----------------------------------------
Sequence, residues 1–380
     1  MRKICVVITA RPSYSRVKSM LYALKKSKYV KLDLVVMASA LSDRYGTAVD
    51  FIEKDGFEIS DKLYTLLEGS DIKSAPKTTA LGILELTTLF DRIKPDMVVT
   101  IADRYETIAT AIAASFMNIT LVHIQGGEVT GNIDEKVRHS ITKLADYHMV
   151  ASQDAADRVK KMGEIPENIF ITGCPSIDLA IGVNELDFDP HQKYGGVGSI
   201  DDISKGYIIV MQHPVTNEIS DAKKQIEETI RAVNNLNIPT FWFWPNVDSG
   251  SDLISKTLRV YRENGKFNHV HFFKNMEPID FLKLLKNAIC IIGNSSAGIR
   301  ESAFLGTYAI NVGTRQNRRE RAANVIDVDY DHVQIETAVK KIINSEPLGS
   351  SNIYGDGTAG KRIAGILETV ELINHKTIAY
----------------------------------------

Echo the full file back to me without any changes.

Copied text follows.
Sequence, residues 1–380
     1  MRKICVVITA RPSYSRVKSM LYALKKSKYV KLDLVVMASA LSDRYGTAVD
    51  FIEKDGFEIS DKLYTLLEGS DIKSAPKTTA LGILELTTLF DRIKPDMVVT
   101  IADRYETIAT AIAASFMNIT LVHIQGGEVT GNIDEKVRHS ITKLADYHMV
   151  ASQDAADRVK KMGEIPENIF ITGCPSIDLA IGVNELDFDP HQKYGGVGSI
   201  DDISKGYIIV MQHPVTNEIS DAKKQIEETI RAVNNLNIPT FWFWPNVDSG
   251  SDLISKTLRV YRENGKFNHV HFFKNMEPID FLKLLKNAIC IIGNSSAGIR
   301  ESAFLGTYAI NVGTRQNRRE RAANVIDVDY DHVQIETAVK KIINSEPLGS
   351  SNIYGDGTAG KRIAGILETV ELINHKTIAY